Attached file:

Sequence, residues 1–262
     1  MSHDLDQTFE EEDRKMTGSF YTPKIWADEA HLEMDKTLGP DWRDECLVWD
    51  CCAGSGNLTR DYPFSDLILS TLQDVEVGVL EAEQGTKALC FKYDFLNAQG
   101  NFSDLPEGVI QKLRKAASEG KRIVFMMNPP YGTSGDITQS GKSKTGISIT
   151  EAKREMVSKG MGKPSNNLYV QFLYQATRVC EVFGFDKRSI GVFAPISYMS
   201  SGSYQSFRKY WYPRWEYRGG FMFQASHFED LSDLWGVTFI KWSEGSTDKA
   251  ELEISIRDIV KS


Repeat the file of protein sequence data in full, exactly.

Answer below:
Sequence, residues 1–262
     1  MSHDLDQTFE EEDRKMTGSF YTPKIWADEA HLEMDKTLGP DWRDECLVWD
    51  CCAGSGNLTR DYPFSDLILS TLQDVEVGVL EAEQGTKALC FKYDFLNAQG
   101  NFSDLPEGVI QKLRKAASEG KRIVFMMNPP YGTSGDITQS GKSKTGISIT
   151  EAKREMVSKG MGKPSNNLYV QFLYQATRVC EVFGFDKRSI GVFAPISYMS
   201  SGSYQSFRKY WYPRWEYRGG FMFQASHFED LSDLWGVTFI KWSEGSTDKA
   251  ELEISIRDIV KS